When it comes to working with oud I believe M. Kurkdjian is the best at it. If you look at the breadth of oud fragrances he has released across all the brands he works for you will see every shade possible. The pinnacle of this was the Maison Francis Kurkdjian Oud Mood collection. Within that each mood was named after a fabric. M. Kurkdjian would create a tactile version of oud to match the textile inspiration. My favorite oud perfume M. Kurkdjian has ever done was the fourth release Oud Satin Mood. One reason was he turned the fractious oud into satiny smooth exotica. Using Laotian oud he has made one of the great oud perfumes by rounding off the edges with resins and roses.
My affection for that perfume had me wondering what the Extrait version would be like. I had been warned the composition was altered with the resins removed. I was conflicted about that but my faith in M. Kurkdjian was such that I knew the changes would ring true. They do.
As in the original version we begin with candied violets and Laotian oud. Laotian oud has an inherently floral undercurrent. That floral nature is brought to the forefront due to the concentration. The violet intersperses itself in crystalline nuggets throughout. The mixture of Tunisian and Turkish roses partners this oud. They arrive with a swoosh enveloping the oud and violet before uncovering the oud again minus the violet. Now a classic rose oud lingers for a moment before the oud gains ascendency again. What helps is a simmering cinnamon and amber duo which replace the benzoin from the original. Extraits when they are at their best are banked fires holding their energy within glowing coals of intensity. The cinnamon and amber make those embers glow white hot. Benzoin I don’t believe could’ve had this effect. It all culminates in fabulously sweet vanilla recapitulating the candied violet at the top with a deeper sweetness.
Oud Satin Mood Extrait has 24-hour longevity and average sillage.
I got my sample of this at the beginning of the summer and I was patiently waiting for some cool rainy days to wear it because I thought it would have not impressed in the heat. On two very cool days it did more than impressed it outdid the original. I have already picked out the scarf which will have this applied to as I enter the fall and winter. M. Kurkdjian didn’t just pump up the volume but the quality too.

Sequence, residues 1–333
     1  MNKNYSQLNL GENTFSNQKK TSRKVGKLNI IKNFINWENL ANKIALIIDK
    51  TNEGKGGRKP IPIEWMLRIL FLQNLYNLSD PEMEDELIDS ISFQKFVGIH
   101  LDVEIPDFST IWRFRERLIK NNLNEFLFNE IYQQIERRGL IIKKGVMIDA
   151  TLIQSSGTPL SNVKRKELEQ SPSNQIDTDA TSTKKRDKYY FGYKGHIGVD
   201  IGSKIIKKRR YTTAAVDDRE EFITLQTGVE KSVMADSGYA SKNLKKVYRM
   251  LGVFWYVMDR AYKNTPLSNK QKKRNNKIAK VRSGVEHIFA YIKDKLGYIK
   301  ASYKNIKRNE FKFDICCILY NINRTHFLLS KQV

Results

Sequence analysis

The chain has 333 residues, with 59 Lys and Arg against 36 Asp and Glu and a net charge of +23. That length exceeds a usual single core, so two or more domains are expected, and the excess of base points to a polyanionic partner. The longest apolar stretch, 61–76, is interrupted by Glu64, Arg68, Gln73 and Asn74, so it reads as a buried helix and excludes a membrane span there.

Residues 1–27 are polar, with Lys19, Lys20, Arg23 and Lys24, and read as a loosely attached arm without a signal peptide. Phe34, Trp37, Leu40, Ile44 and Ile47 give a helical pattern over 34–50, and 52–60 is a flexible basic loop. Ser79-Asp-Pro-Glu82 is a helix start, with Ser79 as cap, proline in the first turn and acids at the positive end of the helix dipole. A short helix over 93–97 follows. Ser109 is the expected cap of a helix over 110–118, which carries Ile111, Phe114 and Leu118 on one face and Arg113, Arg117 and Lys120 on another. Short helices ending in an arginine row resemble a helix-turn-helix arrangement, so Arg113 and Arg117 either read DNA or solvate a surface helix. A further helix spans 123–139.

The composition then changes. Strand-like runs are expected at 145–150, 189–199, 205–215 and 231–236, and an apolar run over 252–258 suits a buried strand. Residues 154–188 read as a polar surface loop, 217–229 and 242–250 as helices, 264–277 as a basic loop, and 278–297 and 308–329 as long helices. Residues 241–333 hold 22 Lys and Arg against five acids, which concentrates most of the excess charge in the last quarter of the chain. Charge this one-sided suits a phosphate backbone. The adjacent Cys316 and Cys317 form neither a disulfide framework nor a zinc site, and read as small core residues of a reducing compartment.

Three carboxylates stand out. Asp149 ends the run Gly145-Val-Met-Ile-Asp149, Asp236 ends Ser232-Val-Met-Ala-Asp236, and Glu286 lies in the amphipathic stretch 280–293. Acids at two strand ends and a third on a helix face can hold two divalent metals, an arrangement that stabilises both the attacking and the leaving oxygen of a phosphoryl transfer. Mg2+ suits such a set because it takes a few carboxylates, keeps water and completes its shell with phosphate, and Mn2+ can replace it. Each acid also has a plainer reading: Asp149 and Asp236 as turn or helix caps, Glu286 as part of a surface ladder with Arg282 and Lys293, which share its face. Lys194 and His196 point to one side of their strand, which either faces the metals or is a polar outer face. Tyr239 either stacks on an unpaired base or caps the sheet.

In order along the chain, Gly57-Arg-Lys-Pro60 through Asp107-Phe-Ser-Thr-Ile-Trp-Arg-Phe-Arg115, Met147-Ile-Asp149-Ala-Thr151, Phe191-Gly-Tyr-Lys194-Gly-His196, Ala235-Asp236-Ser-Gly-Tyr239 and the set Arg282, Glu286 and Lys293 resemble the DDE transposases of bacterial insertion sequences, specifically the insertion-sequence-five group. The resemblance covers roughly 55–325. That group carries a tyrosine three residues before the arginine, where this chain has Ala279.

Disclosure: this review was based on a press sample provided by Maison Francis Kurkdjian.
Going fragrance shopping at the mall used to be a terribly depressing experience. It seemed like all the fragrance counters were covered in the same brands and bottles. Sometime in the last couple of years something changed and a few of the stores decided to strike out in a different direction. One of those stores is Sephora. Just about three years ago they expanded by adding in some carefully curated well-known niche brands. This has been followed with expansion into some equally well-chosen independent brands. I don’t know for sure who is doing the selection but that person, or persons, deserves a round of applause. I receive a quarterly box of samples from Sephora. It is one of my most eagerly awaited arrivals because there seem to be new discoveries within, every three months. In my midsummer box one of those discoveries was the new brand Ellis Brooklyn.
Ellis Brooklyn was founded about a year ago by New York Times beauty writer Bee Shapiro. As a professional she had a deep knowledge of whom she might like to work with on her perfume line. She probably couldn’t have made a better choice than perfumer Jerome Epinette. One reason for that is M. Epinette is perhaps the best perfumer to help build a distinctive brand aesthetic. Ms. Shapiro wanted her line to be “fresh”. Fresh can be one of those descriptors which has become sort of meaningless because of its overuse. What I can say through the first five Ellis Brooklyn releases is Ms. Shapiro and M. Epinette have a better understanding of the word than most.
Fable crackles with green floral energy and woods. Myth does the same with white flowers. Raven takes rhubarb and patchouli without becoming weighted down. Rrose is a crisp vanilla rose which seems like it shouldn’t ever come together, but it does. I have liked all of these but it is the newest release Rives I have fallen for.